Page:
Rein in the Jew Jokes


Why certain things that some of us find funny&#8212perhaps against our better judgment&#8212should not be spread around.

by Rebecca Honig Friedman

Why are put-downs more acceptable if they’re funny? When is it OK to laugh? And when is it OK to laugh at, or with, Jewish women?

These questions came up recently when a YouTube video about "Coasties" made the web rounds: "Coasties" is a slang term used at midwestern universities to refer to young women from the East and West coasts, but the images evoked in the video scream "Jewish American Princess." The video, meant to be humorous, elicited controversy in the blogosphere between those who thought it was funny and those who found it offensive.

Esther Kustanowitz, a popular blogger and cultural critic, was in the latter camp, and her reaction to the video got me thinking. Kustanowitz explained her position on her blog, Urban Kvetch, in a post about the video and the recent spate of articles about the desirability of Jewish women:

After years of writing about relationships between Jewish men and women, I believe that anything that paints Jewish women in general as superficial damages the reputation of all Jewish women, and empowers others to use this stereotype as fact in conversations and in cultural products.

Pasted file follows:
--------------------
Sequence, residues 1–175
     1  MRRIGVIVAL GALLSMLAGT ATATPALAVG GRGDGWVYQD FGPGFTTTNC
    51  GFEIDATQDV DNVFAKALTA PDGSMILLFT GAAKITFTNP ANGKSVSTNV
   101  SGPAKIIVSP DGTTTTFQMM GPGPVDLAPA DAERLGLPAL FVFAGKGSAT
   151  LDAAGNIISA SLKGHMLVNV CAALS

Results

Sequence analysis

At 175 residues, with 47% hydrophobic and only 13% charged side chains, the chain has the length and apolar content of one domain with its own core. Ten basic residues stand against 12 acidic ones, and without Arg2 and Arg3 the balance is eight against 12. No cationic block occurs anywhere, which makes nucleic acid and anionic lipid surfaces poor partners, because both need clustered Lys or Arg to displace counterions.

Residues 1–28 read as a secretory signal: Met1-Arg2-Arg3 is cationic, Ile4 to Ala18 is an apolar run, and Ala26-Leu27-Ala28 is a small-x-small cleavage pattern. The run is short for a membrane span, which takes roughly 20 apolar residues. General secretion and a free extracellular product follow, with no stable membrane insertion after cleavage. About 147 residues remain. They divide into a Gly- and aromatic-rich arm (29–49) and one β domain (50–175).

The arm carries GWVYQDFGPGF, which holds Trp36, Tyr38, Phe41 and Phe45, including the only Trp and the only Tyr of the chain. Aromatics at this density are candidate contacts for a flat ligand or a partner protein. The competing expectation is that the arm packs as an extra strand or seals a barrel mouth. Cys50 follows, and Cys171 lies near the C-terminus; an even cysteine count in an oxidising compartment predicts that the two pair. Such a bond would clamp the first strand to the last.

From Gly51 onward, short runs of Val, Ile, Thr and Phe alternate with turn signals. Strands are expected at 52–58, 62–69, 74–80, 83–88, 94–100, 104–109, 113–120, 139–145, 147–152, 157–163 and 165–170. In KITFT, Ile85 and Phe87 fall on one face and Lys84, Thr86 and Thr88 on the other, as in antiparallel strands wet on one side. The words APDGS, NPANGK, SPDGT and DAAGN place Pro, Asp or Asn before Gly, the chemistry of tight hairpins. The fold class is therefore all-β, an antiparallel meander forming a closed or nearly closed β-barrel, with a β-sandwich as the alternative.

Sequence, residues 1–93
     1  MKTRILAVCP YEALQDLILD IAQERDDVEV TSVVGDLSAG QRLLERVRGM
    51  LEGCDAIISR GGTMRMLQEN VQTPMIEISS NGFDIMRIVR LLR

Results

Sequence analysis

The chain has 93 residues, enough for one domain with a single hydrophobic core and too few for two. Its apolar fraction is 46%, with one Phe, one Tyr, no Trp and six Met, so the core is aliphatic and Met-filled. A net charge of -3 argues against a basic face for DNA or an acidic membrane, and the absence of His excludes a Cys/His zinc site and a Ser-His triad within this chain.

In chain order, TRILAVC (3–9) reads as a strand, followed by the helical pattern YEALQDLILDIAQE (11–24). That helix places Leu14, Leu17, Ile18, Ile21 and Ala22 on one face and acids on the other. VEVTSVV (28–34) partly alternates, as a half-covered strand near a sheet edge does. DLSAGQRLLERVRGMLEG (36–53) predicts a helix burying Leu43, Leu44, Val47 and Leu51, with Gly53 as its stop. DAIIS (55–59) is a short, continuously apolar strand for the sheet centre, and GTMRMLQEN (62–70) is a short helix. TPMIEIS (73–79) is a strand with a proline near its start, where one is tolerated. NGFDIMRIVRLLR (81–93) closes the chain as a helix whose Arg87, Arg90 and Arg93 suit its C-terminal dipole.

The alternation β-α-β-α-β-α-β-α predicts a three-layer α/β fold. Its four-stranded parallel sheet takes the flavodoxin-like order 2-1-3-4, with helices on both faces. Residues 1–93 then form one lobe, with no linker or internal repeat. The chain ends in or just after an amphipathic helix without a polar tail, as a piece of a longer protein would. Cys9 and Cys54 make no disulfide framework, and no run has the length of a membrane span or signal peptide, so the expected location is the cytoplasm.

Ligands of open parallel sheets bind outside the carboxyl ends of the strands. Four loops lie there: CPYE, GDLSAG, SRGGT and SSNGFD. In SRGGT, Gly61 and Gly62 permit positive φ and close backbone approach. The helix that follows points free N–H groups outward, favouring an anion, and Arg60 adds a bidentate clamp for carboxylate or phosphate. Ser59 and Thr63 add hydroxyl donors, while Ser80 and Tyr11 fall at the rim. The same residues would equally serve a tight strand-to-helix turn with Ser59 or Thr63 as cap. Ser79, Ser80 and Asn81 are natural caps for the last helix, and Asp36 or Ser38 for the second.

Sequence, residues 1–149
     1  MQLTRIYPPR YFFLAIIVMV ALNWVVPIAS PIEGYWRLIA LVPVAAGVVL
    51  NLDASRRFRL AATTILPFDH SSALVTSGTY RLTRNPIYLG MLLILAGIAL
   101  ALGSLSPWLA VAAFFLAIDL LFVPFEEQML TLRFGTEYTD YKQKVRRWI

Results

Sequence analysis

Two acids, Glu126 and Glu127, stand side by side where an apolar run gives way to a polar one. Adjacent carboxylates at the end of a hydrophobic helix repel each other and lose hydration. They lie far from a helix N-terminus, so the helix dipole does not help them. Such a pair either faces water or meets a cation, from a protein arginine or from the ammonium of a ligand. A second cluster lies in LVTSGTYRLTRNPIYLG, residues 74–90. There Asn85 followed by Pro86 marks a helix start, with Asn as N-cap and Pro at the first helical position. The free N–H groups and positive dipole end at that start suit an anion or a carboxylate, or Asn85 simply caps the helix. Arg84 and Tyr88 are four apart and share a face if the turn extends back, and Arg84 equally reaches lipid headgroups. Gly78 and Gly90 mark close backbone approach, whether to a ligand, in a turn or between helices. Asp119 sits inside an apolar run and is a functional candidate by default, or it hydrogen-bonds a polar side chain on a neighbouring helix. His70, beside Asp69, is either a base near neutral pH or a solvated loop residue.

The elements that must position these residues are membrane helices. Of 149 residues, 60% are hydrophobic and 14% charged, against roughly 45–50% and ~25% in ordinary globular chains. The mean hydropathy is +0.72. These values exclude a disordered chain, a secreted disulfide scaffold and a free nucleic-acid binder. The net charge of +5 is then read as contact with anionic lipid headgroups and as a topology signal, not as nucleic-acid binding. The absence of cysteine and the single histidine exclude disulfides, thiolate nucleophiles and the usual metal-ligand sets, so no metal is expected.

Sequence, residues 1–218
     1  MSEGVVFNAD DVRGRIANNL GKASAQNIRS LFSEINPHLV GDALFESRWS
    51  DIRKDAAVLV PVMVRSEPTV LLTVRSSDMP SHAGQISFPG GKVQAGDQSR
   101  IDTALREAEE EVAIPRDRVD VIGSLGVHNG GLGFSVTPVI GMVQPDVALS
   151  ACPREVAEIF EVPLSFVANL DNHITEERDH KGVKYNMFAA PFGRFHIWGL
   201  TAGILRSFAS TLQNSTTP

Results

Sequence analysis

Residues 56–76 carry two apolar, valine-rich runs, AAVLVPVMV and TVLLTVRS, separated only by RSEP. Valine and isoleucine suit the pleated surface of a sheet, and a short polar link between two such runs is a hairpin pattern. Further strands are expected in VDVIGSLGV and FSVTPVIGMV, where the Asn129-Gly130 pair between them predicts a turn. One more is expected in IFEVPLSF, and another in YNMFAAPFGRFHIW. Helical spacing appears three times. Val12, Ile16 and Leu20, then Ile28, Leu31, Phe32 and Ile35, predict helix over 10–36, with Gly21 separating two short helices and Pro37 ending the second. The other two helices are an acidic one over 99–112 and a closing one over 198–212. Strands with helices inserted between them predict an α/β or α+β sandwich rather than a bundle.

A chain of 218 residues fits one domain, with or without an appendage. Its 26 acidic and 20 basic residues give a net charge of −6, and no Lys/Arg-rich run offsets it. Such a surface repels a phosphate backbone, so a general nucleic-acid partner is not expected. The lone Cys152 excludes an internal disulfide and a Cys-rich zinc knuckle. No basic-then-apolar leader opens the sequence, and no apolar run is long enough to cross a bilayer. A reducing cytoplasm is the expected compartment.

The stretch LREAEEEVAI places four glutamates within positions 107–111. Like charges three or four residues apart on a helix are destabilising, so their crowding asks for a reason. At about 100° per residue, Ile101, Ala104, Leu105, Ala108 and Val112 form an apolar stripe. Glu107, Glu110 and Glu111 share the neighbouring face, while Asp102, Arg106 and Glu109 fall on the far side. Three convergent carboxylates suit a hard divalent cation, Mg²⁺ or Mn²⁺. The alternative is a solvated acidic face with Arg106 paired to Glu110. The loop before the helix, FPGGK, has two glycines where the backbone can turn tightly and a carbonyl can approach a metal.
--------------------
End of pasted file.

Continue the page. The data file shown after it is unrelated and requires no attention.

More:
What an excellent articulation of why certain things that some of us find funny&#8212perhaps against our better judgment&#8212should not be spread around.

And yet, I wonder about humor that plays on stereotypes in order to expose them. I’m thinking specifically about some of Sarah Silverman’s ethnically and racially tinged oeuvre. Some of the lines that stick in my mind include, “I got raped by a doctor, which is really bittersweet for a Jewish girl,” or the shocking ‘quip,’ “The best time to get pregnant is when you’re a Black teenager.”

These lines are meant to make us laugh and cringe simultaneously. Part of the power of Silverman’s comedy is that it makes us uncomfortable when we laugh at it, because it means we buy in, at least a little, to the stereotypes from which she draws. I would argue that the joke makes fun of its audience more than it makes fun of its subject. This is different than the “Coasties” video to which Kustanowitz was responding, which aims to make fun of a specific group of people&#8212arguably in a good-natured way (arguably!)&#8212by perpetuating canned stereotypes.

And yet, in the hands of the wrong audience, the kind that doesn’t feel uncomfortable about their own prejudices, Silverman’s more subtle use of ethnic and racial generalizations could be taken as perpetuating those stereotypes as well.

The bottom line is that playing with humor and stereotypes is a tricky business that can easily get one into trouble.

Maybe that’s why Sarah Silverman seems to have branched out into piss and fart jokes.

About the Author

author_r_friedmanRebecca Honig Friedman
Rebecca Honig Friedman is the senior writer for the Jewess blog (, as well as the manager of original programming at The Jewish Channel (

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